Te Anau is the gateway to Fjorland National Park. Though Fjorland can be reached from Queenstown also , Te Anau is closer and the drive less tiresome. Te Anau came into the lime light only after the opening up of the Homer tunnel on the 120 km alpine road to Milford Sound . It has since become a hub for those visiting Fjorland. It is also the hub for those doing tramping at the Kepler and Routeburn tracks which is a loop adventure activity along the tussock covered alpine vistas.

We decided to do a day trip to Milford Sound( Fjorland) from Te Anau. Since we were at Te Anau during the fall season, the fall colours added to the beauty of this place. Some pictures…

A typical street in Te Anau

A typical house in Te Anau

Some pictures from downtown Te Anau

A shop with the model of a takahe….an endemic bird of New Zealand

The Takahe…

It is a variety of swamp hen indigenous to New Zealand. It was extensively hunted by Maori and was considered extinct. But was rediscovered in the late 1900s in the Murchison mountains close to Te Anau. It is now considered a threatened species.

There are many activities one can undertake at and from Te Anau. Some such activities:

Day tour of Milford Sound:

A two hour ride on Milford highway passing the Homer Tunnel and a cruise on the famous Milford Sound…the detail episode on this trip coming up soon!!

Fjorland from air:

A helicopter or float plane ride over the fjords and sounds of Fjorland National Park.

The Float plane used for Fjorland from air

Lake 2 Lake cycle trails

Cycling and biking trails along the banks of lake Te Anau and Lake Manapouri

Lake Cruise on TeAnau and Manapouri lakes

A cruise along the lakes takes one through some exquisitely beautiful scenery

The Glow worm Caves

Across the Lake Te Anau lies a glow worm grotto which can be explored. We did this and I will be doing an episode on these caves soon

The Great Walks

The Kepler, Milford and Routeburn tracks offer a magnificent way to explore the unique eco system of Fjorland

Apart from these activities, Te Anau is a nice destination for a quiet break in the midst of a hectic sightseeing schedule too.

Digressing a little from Te Anau, I have mentioned a lot about the scenic beauty of New Zealand. It is time I told you about the beauty of it’s people….

I had mentioned that Kiwis are great hosts and that tourists are treated with warmth and affection in New Zealand…some instances

Athithi Devo Bhava!!!

I must tell you about a very interesting anecdote from Te Anau. Apart from the sheer surprise, it really points out the sincerity with which the Kiwis treat their tourists. We were strolling around Te Anau town one afternoon as our connecting bus was scheduled only in the evening. Suddenly I saw a bus parked on the street with my name written on it. I just could not believe my eyes!!. There was a contact number asking me to contact the person to schedule an early departure.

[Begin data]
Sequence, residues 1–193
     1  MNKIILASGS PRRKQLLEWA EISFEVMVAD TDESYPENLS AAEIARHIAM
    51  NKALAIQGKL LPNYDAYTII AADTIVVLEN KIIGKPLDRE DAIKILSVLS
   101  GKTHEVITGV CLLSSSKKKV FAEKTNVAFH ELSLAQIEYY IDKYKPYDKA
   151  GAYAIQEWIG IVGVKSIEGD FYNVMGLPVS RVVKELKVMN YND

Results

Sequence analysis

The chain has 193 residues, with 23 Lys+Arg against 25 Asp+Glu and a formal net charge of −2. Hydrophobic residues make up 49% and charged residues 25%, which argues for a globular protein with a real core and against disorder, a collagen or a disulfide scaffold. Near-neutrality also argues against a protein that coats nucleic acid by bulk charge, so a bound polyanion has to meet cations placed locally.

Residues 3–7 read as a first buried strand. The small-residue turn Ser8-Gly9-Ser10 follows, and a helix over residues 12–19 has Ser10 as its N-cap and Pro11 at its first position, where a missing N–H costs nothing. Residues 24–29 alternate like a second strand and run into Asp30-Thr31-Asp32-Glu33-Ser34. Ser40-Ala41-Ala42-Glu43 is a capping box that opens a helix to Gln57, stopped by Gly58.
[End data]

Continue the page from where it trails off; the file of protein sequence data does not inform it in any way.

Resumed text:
Imagine seeing your name on a bus in the middle of a small town somewhere in New Zealand!!!….I had to pinch myself to be sure I was not dreaming!!

When I called him, the driver said that he is free and since we are the only passengers in the bus, he will take us as per our convenience. Mind you, this is a government intercity bus booked online from India! To fulfill their commitment to the tourist, they were not only running the bus but adjusting to our requirements. This is really Athithi Devo Bhava(our guests are like God)….a famous Indian proverb! There were at least two instances where we were the only passengers in a luxury bus and the driver dropping us directly at our hotel.

Athithi Devo Bhava….Kiwi style!!!

The Intercity bus

When this driver dropped us at Queenstown, he called up a cab and put us in the cab to our hotel. All this without any request from our side.

At another place called Rotorua, which I will cover later, the receptionist at the hotel waved down a bus and helped us carry our luggage to the bus. Mind you, its a regular local bus. And the driver of this bus digressed from his regular route and took the adjacent street so that he could drop us at the correct bus station….with no complaints from our co passengers!

Many a time, local passengers ahead of us in queue would let us board a bus first .

When we expressed our surprise and appreciation of this kind of hospitality,the reply was

“You are our guests and it is our responsibility to get you safe to your destination”

This motto is followed by everyone…it is almost like a rule…that tourists should be assisted at all places.

I really wonder how this approach has been ingrained in all the people there. Definitely something worth emulating!

Well, this episode has shown you the beauty of the land and its people!

Next I will meet you at the Te Anau Glow worm grotto….with those beauties that spread light even in darkness….

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QUEENSTOWN

Starting my New Zealand series with Queenstown….the adventure sports capital of the world. Staggering natural beauty and heart pumping thrills await you at this great destination.

A short Overview on New Zealand

New Zealand … an island nation consists principally of two main islands, The North Island and The South Island.

New Zealand is an awesome country, extremely beautiful and is a storehouse of tourist attractions. Fjords, Sounds, Geothermal phenomenon, unique wild life etc combine to make it a tourist’s dream destination.

The Maoris were the original inhabitants of this land. Even today, they keep up their traditions and put up cultural shows for the tourists.